Game play is an important part of an after-school program. Through appropriately designated games children learn sport and movement skills, cultural concepts, as well as cooperation and other important social values. Game play is motivating to most children, and can also be used to promote cardiovascular fitness.
CATCH encourages the inclusion of games that are fun, enjoyable, and promote moderate-to-vigorous physical activity. Many games, such as "Duck, Duck, Goose" and "Red Rover" are inappropriate because they are elimination games, provide little moderate to vigorous physical activity, or are potentially dangerous. Games to be included in CATCH should be non-elimination, provide for maximum participation, promote generalizable movement skills, and have a structure that permits the game to be modified in complexity and intensity.
Aerobic Games - Introduction
An introduction to the CATCH aerobic activities, including objectives, and techique/teaching cues.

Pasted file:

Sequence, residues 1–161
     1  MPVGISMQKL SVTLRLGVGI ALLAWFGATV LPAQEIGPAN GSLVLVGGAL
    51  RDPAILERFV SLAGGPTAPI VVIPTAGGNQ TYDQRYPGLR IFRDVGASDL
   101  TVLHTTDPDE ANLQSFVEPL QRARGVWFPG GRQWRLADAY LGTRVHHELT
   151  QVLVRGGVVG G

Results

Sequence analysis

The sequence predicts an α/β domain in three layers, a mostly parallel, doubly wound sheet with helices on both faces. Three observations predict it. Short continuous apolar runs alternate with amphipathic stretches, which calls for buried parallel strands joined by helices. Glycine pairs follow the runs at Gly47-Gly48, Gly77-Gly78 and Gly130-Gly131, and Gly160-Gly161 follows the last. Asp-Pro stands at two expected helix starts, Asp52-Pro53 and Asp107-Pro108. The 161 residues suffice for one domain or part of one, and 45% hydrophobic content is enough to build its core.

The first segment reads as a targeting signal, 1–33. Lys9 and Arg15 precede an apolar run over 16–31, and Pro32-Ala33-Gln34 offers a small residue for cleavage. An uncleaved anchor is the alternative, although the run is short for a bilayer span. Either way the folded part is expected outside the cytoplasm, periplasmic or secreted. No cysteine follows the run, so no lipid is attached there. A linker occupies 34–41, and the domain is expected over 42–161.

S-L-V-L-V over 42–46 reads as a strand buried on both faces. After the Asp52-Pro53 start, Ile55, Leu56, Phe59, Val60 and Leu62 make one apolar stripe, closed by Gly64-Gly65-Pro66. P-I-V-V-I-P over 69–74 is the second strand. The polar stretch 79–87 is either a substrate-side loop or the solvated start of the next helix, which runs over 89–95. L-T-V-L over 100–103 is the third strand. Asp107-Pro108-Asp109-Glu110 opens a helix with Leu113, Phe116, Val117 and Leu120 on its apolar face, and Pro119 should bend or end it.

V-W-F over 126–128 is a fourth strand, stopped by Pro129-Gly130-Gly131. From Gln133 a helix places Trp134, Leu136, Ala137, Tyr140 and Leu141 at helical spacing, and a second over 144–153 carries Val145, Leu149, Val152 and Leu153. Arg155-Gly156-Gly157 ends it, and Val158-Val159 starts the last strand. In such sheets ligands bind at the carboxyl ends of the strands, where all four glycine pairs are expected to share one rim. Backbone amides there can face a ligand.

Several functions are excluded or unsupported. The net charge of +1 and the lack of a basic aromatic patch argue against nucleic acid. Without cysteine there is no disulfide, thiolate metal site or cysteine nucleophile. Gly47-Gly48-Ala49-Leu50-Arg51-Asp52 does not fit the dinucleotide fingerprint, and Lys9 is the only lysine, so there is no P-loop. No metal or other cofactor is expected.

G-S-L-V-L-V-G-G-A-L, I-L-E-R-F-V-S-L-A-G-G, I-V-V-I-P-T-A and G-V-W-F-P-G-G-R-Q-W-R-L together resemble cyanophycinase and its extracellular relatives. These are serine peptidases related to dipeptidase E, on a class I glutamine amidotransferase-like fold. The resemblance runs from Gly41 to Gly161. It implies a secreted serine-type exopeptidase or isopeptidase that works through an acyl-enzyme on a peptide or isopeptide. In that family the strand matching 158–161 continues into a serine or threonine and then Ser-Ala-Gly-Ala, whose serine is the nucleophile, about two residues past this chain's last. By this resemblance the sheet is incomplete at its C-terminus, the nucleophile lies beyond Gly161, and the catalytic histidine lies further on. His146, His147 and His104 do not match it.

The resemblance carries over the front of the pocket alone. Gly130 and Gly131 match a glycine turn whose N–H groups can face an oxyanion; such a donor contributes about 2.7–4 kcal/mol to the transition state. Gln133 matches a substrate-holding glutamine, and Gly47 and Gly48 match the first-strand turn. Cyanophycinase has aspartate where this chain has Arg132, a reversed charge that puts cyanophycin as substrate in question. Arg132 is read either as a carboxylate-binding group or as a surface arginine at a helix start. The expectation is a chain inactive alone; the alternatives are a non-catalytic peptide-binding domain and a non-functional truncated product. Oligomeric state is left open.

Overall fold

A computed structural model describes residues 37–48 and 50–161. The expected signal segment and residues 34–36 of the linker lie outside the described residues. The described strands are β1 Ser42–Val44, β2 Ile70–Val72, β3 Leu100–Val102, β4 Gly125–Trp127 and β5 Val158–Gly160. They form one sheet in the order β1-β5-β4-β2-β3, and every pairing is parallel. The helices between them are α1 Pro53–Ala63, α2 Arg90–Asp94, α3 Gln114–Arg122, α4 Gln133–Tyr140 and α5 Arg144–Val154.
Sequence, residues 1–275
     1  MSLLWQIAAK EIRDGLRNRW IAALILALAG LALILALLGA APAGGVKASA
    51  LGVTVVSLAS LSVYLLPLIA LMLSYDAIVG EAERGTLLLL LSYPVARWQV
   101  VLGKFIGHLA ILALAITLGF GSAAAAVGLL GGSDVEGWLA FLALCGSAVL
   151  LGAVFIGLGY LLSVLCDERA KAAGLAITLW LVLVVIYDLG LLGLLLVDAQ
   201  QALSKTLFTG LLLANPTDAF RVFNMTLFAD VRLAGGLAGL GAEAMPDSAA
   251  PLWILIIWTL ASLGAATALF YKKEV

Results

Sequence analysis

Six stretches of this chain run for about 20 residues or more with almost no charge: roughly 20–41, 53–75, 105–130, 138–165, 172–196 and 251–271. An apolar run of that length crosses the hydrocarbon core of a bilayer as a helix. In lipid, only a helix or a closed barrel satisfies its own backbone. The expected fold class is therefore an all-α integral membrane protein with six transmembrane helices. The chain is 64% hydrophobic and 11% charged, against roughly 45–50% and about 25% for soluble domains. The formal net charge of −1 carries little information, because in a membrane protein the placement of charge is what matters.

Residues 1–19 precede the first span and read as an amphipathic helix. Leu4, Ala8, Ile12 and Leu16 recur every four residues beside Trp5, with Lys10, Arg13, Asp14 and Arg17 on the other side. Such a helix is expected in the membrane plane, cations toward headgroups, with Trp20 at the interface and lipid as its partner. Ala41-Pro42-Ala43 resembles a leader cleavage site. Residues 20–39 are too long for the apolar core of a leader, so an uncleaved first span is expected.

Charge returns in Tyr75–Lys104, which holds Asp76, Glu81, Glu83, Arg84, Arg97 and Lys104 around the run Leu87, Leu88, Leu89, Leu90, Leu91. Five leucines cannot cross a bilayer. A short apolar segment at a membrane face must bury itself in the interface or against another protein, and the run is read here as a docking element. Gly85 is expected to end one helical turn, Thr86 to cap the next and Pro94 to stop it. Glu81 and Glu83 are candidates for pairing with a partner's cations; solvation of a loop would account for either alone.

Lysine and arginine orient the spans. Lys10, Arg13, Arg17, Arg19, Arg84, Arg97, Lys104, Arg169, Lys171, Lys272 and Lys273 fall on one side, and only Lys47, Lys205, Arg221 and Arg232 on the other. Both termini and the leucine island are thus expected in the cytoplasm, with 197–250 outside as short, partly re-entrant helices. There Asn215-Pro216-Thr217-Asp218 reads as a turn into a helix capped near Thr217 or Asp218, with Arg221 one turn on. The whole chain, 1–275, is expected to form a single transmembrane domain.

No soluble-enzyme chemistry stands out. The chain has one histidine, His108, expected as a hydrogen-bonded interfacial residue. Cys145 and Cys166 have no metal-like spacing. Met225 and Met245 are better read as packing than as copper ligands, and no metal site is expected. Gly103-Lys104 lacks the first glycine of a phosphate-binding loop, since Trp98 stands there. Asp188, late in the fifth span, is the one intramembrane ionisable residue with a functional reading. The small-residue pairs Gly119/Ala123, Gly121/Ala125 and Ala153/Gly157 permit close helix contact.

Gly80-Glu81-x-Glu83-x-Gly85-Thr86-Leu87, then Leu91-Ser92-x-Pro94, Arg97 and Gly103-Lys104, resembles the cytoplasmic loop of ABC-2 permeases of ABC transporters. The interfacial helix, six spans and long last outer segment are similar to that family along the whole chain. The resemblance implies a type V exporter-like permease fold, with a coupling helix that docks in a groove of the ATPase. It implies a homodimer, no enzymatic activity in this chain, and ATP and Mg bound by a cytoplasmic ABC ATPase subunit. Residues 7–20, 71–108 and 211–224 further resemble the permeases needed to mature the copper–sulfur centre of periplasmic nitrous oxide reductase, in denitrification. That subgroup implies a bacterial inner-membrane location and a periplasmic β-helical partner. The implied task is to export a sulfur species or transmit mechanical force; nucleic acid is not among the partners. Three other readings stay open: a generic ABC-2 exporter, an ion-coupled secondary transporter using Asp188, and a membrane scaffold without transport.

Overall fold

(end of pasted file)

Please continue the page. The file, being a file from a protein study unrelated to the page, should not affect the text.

Pass the Hat - #13-14
Students jog in a line while passing an item backward, until the last student sprints to bring the item to the front of the line, repeating the process.
See Ya Later Alligator - #15-17
Students play a game of tag, using hoops as safe havens.
Dragon's Tail - #18-19
Students pretend to be dragons, with a scarf in their waistband representing a tail. Students who have their scarf pulled must do a re-entry task.
Veins and Arteries - #20-22
A game where students pretend to be circulating around the body in the bloodstream.
Fitness Football - #25-27
Students try to run through an activity area without their scarves being pulled by a defender. Those with their scarves pulled need to do a specified agility task.
Long Ball - #28-29
Students attempt to hit a ball with a bat, and make it to a safety zone and back before being tagged by the ball.